In addition to compounding the problem of increasing stress levels and the suicide crisis in academia, the introduction of guns will also negatively interact with the second campus emergency – alcohol consumption and binge drinking. Most American colleges and universities face a serious and a widespread drinking among students. It takes place in the fraternities and the sororities, in dormitories, and in off campus housing. According to the 2013 U.S. Health and Social Services Survey, almost 60% of full time college students in 2013 were drinkers, while 39% were “binge” drinkers, and 12.7% were “heavy” drinkers. This heavy use of alcohol was directly related to a broad array of problems including deaths, assaults, sexual abuse, injury and academic problems. Imagine what will happen within this already risky and combustible situation when we introduce an open or concealed carry.


Students tend to do everything in small or big groups and in close proximity to each other. They mostly live together, attend lectures together, study together and party together. Within these close quarters, disputes and tensions tend to get magnified, and the presence of alcohol and firearms at the same time will pose a tremendous danger, not only to an individual students but to the groups and the community within which he or she operates. The mixture of alcohol, group living and guns on campus would assuredly lead to disputes turning into fatal situations.

“Campus carry” legislation also is likely to amplify the problems of campus sexual misconduct, assault and date rape. Only recently has this issue received a wider coverage and publicity and the newly publicized data show an ugly and an alarming picture. A survey by the Association of American Universities (AAU) administered among U.S. campuses at the end of the spring 2015 semester finds that 23% of female students report experiencing some form of unwanted sexual contact – ranging from kissing to touching to rape (with 10.8% experiencing penetration). These assaults were most commonly carried out by force or threat of force, or while the victim was incapacitated because of alcohol or drugs. The threat of sexual violence and the act of sexual violence itself is something with which many students have to live and cope during their college years.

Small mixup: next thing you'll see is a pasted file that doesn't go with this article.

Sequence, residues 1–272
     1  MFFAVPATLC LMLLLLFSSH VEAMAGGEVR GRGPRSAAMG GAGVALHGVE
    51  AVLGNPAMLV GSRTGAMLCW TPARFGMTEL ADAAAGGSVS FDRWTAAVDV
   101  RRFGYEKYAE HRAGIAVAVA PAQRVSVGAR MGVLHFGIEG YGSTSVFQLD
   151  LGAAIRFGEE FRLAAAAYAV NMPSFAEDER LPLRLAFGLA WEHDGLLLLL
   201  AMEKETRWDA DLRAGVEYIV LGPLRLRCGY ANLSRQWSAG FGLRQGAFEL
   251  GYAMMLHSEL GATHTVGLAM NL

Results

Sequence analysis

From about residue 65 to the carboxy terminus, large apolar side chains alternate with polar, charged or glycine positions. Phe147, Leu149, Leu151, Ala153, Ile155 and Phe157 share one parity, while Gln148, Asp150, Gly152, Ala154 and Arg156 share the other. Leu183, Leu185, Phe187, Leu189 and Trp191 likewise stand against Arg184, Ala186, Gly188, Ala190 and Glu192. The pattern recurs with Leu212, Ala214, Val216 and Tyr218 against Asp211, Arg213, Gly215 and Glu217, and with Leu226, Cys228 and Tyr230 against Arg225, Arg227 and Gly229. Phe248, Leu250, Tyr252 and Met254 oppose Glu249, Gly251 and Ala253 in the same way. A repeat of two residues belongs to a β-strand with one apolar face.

Consider how the presence of firearms on campus is likely to affect this situation. A few possible scenarios come to mind. First, guns can enhance the number of sexual assaults and their severity because attackers would find it easier to coerce the other party to engage in sexual activity. Guns can also be used in self-defense and in preventing sexual assault and unwanted behavior, or they can be used by the affected victim to extract revenge and “punish” the perpetrator. Whether used for coercion, defense or revenge, the availability of guns on campus is not likely to help solve the crisis of sexual assault on campus. Rather, it would put a new, more deadly, unpredictable and uncontrollable layer on it.

College is tough. At times the non-academic part is the tougher one. As a faculty member, I am continuously concerned about the well-being of my students and the dire challenges they face outside of the academic arena. These dangers are real, and many will not graduate unscathed. But most of these threats are not deadly. The “guns on campus policy” will change all that. If campus carry policies don’t increase the actual amount of deadly violence in colleges, than the continuous and escalated possibility of it will change our campuses forever and for the worse.

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Klara Bilgin is Dean of the School of Public and International Affairs at the Virginia International University in Fairfax, Virginia.